Off shore Thames wind farm unsustainable
HAVING suffered a whirlwind of criticism from the climate change mafia for my last column, in which I expressed doubts about man being entirely responsible for global warming, I am almost reluctant to tackle another environment related story.
HAVING suffered a whirlwind of criticism from the climate change mafia for my last column, in which I expressed doubts about man being entirely responsible for global warming, I am almost reluctant to tackle another environment related story. Almost!
However, when I read that the Government has just approved a giant wind farm project in the Thames Estuary that will stretch over 90 square miles and consist of some 341 wind turbines as well as a further 100 turbines seven miles from Margate, I feel compelled to say my piece. The Chamber of Shipping has been quick to suggest that the decision has been “rushed” through the DTI, without proper consideration.
The Chamber is anxious about the turbines interfering with radar and about the environmental risk from a collision involving an oil tanker. Guidelines from the Maritime and Coast Guard agency about the minimum distance between wind farms and shipping lanes have, apparently, been ignored, jeopardising the safety of those using the estuary. More than 100 ships a day would pass close by.
Greenpeace, has welcomed the decision because, it simpered: “it is clean energy on a massive scale. It's a pioneering project and we need more of them.” I beg to differ and I am incredulous that Greenpeace can be so childishly simplistic in their policy on wind energy.
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Have they given even a minute's thought to the impact on the marine environment of drilling 341 holes in the seabed and filling them with concrete and metal? What about the hundreds of miles of cable that will have to be laid on the seabed to link all these metal monstrosities to land? How about the energy that goes into manufacturing turbines, which takes years to achieve payback?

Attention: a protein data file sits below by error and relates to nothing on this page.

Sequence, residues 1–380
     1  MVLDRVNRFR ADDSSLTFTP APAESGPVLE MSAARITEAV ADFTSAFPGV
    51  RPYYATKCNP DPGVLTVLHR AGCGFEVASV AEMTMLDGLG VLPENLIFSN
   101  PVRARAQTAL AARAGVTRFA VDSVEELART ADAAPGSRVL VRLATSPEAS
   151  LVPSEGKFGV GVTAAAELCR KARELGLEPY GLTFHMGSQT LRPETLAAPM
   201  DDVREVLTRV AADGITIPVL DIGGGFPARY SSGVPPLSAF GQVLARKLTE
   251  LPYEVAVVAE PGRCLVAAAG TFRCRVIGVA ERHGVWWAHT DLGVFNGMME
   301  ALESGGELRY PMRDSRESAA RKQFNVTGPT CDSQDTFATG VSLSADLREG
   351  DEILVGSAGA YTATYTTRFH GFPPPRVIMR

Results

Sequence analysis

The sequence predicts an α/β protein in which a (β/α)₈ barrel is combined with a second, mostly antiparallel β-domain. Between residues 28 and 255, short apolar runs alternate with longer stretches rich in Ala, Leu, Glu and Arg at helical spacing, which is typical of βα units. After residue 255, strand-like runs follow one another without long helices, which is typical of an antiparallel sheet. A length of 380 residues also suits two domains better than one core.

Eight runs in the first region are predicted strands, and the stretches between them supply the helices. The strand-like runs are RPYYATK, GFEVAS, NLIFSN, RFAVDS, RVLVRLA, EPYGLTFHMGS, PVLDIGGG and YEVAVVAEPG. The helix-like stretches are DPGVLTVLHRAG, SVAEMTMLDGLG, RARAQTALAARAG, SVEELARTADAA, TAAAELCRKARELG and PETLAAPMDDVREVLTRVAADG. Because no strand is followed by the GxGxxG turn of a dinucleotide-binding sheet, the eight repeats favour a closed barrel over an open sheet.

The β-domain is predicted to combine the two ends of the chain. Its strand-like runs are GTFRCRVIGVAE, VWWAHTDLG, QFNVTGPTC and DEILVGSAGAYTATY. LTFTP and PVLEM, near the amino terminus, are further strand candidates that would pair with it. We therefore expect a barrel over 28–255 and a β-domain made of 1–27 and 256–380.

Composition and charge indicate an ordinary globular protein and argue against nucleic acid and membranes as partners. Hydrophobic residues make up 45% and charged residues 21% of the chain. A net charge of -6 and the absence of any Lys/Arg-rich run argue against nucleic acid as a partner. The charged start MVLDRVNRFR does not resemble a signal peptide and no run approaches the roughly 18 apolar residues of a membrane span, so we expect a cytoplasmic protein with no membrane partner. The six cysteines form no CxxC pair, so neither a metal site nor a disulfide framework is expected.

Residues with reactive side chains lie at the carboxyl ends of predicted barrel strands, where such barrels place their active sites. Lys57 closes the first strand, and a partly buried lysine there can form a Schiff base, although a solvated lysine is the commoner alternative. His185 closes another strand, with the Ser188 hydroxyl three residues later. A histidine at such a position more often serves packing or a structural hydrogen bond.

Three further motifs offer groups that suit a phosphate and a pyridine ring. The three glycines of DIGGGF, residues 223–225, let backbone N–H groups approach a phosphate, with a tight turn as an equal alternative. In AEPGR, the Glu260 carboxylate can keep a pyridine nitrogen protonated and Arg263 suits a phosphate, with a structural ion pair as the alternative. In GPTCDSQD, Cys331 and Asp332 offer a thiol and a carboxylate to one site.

Local fishermen are up in arms and they are right to be concerned as there will be significant disruption to fish shoals and spawning areas leading to serious reductions in catch rates. There will be long term changes to the water flow because of the disruption of the seabed profile and disturbance of organisms that live on or near the bottom substrate, all of which affect the availability of food for fish and shellfish. Then there is the affect on migrating birds - I could go on. It is high time that organisations like Greenpeace, which claim to be so dedicated to the protection of the environment, threw off their rose tinted spectacles regarding wind technology.
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Sadly, the rush to build turbines everywhere is symptomatic of a Governmental obsession that defies all common sense. Figures released earlier this month by the Renewable Energy Foundation show that land based turbines are, on average, only operating to 28% of capacity. The figures are more like 23% and 24% in Cornwall and Wales.
I am as interested in preserving the environment as anybody but I prefer a realistic approach, rather than wholesale environmental vandalism in pursuit of a green myth.
May I wish all EADT readers a very Happy New Year.
Jeffrey Titford is a UK Independence Party Euro MP for the East of England